What’s in a name? On a small island in Papua New Guinea, names tell a complex story. When you are born, your parents invite someone, usually a relative or close friend, to name you. They will give you both a first and surname, perhaps the surname of a respected elder, or maybe you’ll be their namesake. You’ll receive an ancestral tok ples (local dialect) name. You may pick up a nickname. If you’re a woman and you marry, you’ll start using your husband’s first name as a surname. Eventually, you may have five or more names. Your names connect you to important people in your life; they anchor you to ancestors and place. Thus, for this island community, names represent the connections that will matter for navigating the trials and tribulations wrought by our changing planet. They also risk bamboozling social network data collection. Five people can correctly give five different names for the exact same person. In the end, a detailed census, photos, and lots of clarifying helped us correctly identify people and map the social networks of this Papua New Guinean community.
These social networks are an important but understudied aspect of a big challenge facing the community. The island’s coasts are being inundated; parts of the island’s beaches are (barely) reinforced by home-made concrete pillars. Seasons and weather are becoming less predictable. Coral reef fishes, a primary source of food and income, are getting harder to catch. This island, like many across the Pacific, is on the frontlines of climate change.
Across the globe, local and national governments, non-governmental organizations, development agencies, and communities are seeking to build capacity to adapt to the impacts of climate change. Many adaptation programs focus on building assets, like savings or infrastructure. Yet recent research suggests that other factors, like risk perceptions and the power to influence decisions or make the choice to change matter to how and whether people adapt [1-3].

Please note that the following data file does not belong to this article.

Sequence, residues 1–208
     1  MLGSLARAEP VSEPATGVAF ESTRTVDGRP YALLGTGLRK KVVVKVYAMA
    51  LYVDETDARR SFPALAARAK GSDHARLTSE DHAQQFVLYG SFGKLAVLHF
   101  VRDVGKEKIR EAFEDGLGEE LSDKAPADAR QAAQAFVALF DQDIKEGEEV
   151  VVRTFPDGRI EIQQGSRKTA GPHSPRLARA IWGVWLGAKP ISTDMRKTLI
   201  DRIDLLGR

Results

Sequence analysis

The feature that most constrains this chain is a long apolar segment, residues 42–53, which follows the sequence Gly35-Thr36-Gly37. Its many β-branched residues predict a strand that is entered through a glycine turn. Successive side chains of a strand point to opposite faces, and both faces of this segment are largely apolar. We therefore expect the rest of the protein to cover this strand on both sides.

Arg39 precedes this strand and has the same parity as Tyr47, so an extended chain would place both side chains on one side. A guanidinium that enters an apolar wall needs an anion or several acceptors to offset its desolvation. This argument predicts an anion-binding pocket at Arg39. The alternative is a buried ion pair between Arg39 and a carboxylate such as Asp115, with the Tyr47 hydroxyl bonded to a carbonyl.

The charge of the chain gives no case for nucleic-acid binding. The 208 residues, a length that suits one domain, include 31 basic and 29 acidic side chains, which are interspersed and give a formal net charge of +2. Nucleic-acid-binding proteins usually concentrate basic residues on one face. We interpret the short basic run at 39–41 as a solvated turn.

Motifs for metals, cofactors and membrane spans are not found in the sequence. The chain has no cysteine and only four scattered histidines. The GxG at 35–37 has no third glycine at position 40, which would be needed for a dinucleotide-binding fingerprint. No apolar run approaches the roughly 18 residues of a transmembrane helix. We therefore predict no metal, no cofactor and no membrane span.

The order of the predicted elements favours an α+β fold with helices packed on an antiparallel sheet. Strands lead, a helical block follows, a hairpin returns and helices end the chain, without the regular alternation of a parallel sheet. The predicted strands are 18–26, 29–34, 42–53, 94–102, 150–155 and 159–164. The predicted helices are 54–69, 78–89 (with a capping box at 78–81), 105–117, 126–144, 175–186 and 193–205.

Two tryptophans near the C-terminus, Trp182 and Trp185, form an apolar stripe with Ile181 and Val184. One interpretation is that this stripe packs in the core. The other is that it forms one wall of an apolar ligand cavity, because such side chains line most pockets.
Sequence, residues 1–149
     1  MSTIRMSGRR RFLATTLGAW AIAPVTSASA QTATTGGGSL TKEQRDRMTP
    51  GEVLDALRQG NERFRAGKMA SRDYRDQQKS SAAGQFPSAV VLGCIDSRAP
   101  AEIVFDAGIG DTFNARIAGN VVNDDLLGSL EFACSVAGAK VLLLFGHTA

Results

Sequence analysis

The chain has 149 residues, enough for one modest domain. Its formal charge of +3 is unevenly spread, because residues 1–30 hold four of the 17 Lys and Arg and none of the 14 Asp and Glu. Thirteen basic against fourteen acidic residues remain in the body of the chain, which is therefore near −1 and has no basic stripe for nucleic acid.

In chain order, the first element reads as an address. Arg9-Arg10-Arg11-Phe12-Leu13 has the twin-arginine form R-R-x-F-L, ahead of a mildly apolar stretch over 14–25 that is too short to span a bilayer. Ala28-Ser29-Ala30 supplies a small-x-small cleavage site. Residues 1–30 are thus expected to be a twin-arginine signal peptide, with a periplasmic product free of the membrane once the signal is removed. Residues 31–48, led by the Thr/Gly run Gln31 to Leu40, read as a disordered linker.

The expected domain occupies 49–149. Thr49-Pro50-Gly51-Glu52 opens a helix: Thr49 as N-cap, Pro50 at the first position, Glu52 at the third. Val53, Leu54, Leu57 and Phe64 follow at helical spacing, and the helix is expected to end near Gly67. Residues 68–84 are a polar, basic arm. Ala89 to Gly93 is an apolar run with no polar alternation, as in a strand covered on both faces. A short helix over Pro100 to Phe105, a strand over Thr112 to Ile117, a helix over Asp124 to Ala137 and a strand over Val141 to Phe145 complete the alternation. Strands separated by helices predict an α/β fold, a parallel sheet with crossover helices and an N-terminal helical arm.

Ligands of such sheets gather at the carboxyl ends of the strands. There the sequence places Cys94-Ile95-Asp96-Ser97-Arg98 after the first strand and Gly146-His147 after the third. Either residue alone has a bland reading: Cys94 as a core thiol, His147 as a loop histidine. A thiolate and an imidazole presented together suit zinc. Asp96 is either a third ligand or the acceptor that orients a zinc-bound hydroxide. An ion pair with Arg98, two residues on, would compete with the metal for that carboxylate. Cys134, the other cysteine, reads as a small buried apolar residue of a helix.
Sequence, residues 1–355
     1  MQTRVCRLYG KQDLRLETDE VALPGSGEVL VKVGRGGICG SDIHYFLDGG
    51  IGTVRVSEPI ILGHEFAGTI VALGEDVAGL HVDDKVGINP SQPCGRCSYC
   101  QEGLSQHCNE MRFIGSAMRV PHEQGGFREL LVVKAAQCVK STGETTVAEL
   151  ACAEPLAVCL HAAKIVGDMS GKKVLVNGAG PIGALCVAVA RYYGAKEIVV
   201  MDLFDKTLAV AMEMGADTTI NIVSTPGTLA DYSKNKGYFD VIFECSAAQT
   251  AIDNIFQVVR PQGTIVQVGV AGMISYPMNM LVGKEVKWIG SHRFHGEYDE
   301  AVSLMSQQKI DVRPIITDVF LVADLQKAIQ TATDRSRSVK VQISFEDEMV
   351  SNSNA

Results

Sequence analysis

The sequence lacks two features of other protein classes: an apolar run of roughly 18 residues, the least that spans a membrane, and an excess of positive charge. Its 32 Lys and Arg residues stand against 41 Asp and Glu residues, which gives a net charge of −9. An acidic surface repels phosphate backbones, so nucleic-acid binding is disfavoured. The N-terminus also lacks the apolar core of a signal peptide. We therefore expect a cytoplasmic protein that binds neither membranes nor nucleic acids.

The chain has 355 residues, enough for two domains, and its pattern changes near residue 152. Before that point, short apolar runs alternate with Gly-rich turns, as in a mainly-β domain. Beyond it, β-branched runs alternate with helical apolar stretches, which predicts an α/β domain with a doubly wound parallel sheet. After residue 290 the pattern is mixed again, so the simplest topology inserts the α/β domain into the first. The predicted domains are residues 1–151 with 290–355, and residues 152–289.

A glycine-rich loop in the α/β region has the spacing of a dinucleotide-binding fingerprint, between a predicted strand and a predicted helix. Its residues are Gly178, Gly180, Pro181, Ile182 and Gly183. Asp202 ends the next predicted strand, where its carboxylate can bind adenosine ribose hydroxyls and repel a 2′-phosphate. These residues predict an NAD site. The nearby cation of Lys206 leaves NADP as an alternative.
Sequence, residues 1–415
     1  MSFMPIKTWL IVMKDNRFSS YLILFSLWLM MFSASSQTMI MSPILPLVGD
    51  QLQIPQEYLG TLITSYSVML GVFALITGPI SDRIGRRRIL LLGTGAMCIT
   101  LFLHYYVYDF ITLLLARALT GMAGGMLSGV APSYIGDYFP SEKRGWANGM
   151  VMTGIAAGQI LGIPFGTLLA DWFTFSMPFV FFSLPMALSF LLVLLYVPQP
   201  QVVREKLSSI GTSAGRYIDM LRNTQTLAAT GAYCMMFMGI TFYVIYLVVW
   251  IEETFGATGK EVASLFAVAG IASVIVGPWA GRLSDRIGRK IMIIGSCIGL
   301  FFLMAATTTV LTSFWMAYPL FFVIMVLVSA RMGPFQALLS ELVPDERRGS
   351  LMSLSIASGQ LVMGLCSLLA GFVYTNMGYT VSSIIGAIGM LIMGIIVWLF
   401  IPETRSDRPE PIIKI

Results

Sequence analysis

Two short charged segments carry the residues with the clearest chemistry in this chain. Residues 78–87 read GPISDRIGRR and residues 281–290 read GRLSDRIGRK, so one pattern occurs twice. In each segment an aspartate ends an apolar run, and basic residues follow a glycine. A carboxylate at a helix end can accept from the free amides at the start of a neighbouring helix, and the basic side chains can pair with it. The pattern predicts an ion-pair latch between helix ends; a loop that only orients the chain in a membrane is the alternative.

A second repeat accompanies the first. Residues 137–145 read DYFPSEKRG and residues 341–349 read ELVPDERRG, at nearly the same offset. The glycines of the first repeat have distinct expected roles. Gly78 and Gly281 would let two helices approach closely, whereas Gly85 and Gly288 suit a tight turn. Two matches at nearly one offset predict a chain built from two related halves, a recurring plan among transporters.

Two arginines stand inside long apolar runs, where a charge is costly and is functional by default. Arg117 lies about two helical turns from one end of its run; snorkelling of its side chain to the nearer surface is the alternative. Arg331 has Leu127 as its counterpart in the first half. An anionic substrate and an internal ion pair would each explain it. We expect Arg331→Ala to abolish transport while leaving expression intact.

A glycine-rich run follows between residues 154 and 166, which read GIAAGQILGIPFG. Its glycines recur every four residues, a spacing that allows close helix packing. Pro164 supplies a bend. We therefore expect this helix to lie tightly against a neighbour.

Social networks may also be important [4,5]. People influence each other through social networks . Networks can determine who accesses information, resources, and support . People may learn to recognize change, strategically absorb and process information, and plan for uncertainties through their social relationships [1,5]. We tested whether and how social networks, alongside other factors, shaped household’s responses to change in the Papua New Guinean atoll island.
We found that when households were more socially connected to other households who were taking action, for example by changing parts of their livelihood, they were more likely to do the same. This may be a situation of ‘like-attracts-like’, where households with particular mindsets are more socially connected to similar households (social selection). Another explanation is that households were influencing each other’s actions (social influence). We suspect it is a combination of the two. We also found, somewhat counterintuitively, that households who felt they had more power over community decision-making were less likely to make transformative changes. Power may provoke resistance to fundamental change, even if such change is necessary to sustain livelihoods and ecosystems .
When analysing social network data, people are reduced to nodes and their names disappear (crucial for ethical commitments to anonymity). But the social ties that those names represent remain. Our paper provides evidence that, alongside agency, learning, and socio-cognitive factors, those ties can help and hinder us as we navigate our changing world.
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